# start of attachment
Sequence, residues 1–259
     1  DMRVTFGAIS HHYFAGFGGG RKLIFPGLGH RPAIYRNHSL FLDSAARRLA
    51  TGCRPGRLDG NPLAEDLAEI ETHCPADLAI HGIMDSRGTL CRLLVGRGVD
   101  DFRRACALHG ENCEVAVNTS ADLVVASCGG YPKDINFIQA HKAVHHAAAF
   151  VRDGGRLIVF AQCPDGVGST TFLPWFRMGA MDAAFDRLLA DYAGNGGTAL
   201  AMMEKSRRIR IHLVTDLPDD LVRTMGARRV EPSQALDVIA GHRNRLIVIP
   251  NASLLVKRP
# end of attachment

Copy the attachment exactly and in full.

Sequence, residues 1–259
     1  DMRVTFGAIS HHYFAGFGGG RKLIFPGLGH RPAIYRNHSL FLDSAARRLA
    51  TGCRPGRLDG NPLAEDLAEI ETHCPADLAI HGIMDSRGTL CRLLVGRGVD
   101  DFRRACALHG ENCEVAVNTS ADLVVASCGG YPKDINFIQA HKAVHHAAAF
   151  VRDGGRLIVF AQCPDGVGST TFLPWFRMGA MDAAFDRLLA DYAGNGGTAL
   201  AMMEKSRRIR IHLVTDLPDD LVRTMGARRV EPSQALDVIA GHRNRLIVIP
   251  NASLLVKRP